This presentation will try to achieve two aims at once: First, it will present the results of a preliminary analysis of the role of forensic and expert evidence in contributing to wrongful convictions in the United States using data from the National Registry of Exonerations (NRE). In the course of this project, I developed an entirely new system of coding this data. I will explore some of the the dilemmas this coding process faced and the epistemological reasoning that support my decisions. Second, in the course of the presentation, I will reflect on my new role as Director and Associate Editor of the NRE. I will explore what I learned from this experience about the NRE, about wrongful conviction more generally, and about the perils and opportunities of managing a public accountability criminal justice archive in the present historical moment.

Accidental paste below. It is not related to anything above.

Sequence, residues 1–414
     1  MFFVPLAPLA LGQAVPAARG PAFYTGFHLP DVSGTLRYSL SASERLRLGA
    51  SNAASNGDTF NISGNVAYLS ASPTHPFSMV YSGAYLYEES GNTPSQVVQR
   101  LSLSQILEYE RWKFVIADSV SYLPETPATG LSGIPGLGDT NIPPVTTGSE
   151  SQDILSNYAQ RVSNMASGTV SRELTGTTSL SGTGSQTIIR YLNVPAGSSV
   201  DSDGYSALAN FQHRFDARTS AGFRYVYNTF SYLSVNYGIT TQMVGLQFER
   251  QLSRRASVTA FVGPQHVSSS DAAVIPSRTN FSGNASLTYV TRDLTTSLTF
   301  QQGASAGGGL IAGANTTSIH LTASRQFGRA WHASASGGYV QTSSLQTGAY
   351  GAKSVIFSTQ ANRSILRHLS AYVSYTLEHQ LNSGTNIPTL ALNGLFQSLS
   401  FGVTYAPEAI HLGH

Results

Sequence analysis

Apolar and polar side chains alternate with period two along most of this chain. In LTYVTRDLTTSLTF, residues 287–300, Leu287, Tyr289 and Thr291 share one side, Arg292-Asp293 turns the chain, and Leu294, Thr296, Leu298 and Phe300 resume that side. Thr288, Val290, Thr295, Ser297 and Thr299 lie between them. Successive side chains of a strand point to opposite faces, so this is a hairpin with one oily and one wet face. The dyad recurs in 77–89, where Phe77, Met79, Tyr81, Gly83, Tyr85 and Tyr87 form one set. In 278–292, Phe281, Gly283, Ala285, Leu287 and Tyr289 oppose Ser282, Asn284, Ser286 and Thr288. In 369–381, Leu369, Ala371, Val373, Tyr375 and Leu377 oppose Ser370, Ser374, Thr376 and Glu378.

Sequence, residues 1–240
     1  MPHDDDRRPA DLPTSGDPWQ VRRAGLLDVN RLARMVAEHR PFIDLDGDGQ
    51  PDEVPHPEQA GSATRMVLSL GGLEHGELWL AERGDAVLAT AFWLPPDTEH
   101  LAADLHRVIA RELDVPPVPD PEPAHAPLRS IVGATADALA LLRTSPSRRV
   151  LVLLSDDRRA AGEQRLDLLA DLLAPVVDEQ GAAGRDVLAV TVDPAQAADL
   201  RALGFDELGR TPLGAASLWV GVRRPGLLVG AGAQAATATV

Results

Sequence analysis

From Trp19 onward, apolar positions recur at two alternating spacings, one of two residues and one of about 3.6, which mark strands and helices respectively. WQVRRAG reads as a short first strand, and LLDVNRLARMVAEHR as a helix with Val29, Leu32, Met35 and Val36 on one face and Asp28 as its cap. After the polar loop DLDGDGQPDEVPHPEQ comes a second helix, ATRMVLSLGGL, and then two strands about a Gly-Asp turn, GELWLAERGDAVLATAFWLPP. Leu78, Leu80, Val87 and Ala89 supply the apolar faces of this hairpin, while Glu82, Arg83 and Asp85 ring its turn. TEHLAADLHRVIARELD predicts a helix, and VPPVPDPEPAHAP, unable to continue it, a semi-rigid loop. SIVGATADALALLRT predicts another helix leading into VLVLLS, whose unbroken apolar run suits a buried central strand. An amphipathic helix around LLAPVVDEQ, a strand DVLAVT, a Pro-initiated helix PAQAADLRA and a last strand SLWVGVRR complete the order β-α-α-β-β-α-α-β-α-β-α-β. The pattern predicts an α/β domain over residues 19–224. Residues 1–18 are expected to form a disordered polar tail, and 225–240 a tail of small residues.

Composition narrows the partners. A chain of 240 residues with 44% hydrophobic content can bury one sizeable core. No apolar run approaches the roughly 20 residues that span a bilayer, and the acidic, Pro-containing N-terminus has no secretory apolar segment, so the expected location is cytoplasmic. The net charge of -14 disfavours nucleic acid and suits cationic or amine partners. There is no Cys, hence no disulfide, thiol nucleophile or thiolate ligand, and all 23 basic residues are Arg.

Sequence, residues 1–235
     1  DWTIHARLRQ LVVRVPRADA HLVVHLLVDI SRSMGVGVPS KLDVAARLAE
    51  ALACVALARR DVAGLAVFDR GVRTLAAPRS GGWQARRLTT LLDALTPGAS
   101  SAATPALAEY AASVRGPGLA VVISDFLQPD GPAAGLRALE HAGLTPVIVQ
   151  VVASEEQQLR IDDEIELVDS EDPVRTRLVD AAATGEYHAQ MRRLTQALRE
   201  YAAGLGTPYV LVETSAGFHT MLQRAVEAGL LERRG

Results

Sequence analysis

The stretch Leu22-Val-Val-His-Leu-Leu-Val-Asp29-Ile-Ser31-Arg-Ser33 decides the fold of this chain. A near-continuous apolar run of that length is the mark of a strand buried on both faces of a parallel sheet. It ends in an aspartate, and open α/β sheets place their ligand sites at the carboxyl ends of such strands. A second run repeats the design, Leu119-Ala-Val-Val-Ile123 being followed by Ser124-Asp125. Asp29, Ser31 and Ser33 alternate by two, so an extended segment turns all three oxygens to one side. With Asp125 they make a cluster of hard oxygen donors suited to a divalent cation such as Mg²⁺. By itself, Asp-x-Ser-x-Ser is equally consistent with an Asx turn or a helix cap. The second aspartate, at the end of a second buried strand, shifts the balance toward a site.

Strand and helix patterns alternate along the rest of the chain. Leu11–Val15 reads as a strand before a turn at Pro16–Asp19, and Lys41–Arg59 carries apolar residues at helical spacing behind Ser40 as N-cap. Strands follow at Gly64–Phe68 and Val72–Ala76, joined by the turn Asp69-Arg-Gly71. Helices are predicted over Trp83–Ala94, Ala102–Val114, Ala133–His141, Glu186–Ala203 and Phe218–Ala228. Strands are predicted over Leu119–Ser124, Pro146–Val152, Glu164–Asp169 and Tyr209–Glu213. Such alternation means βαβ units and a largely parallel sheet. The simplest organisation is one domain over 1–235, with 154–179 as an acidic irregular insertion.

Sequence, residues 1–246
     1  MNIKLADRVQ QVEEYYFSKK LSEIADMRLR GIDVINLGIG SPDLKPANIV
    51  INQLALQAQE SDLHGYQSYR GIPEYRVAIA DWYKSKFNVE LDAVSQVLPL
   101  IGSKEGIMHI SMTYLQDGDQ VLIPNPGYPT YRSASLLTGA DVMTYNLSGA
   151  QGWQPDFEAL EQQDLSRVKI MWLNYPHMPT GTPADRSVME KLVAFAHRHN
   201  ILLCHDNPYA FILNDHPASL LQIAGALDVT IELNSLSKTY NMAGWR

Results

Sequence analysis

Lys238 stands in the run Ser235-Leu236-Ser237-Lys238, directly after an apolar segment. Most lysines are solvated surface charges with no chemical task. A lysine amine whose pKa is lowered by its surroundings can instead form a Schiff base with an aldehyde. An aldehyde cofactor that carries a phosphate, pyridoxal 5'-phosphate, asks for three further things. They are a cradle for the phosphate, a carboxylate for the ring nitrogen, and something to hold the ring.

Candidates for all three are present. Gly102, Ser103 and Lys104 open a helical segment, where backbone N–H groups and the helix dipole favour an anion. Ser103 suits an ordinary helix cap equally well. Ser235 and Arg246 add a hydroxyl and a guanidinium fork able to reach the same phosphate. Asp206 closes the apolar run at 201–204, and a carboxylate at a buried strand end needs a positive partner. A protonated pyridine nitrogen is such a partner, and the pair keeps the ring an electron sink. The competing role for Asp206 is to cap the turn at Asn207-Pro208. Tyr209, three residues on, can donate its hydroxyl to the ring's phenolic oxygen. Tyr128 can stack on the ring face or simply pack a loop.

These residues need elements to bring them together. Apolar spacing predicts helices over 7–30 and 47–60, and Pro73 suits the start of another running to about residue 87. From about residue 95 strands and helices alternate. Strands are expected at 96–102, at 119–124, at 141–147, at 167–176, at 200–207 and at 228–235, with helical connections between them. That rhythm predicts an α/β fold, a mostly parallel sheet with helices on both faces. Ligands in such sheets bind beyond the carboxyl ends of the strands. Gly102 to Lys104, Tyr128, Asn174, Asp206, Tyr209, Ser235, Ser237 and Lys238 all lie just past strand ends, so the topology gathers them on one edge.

Simon A. Cole is Professor of Criminology, Law and Society and Director of the Newkirk Center for Science & Society at the University of California, Irvine. He received his Ph.D. in Science & Technology Studies from Cornell University. Dr. Cole is the author of Suspect Identities: A History of Fingerprinting and Criminal Identification (Harvard University Press, 2001), which was awarded the 2003 Rachel Carson Prize by the Society for Social Studies of Science, Truth Machine: The Contentious History of DNA Fingerprinting (University of Chicago Press, 2008, with Michael Lynch, Ruth McNally & Kathleen Jordan), and numerous scholarly articles and book chapters about the scientific validity of fingerprint evidence and its use in the courts. Dr. Cole has spoken widely on the subjects of fingerprinting, scientific evidence, and science and the law, and he has consulted and testified as an expert witness on the validity of fingerprint evidence. He has also written for many general interest publications, including The New York Times, The Wall Street Journal, New Scientist, and Lingua Franca. He is a member of the American Academy of Forensic Science Standards Board Friction Ridge Consensus Body and a Co-Investigator in the National Institute of Standards and Technology (NIST) Center for Excellence, the Center for Statistics and Applications in Forensic Evidence (CSAFE). He is Co-Editor of the journal Theoretical Criminology, and he is Associate Editor of the National Registry of Exonerations.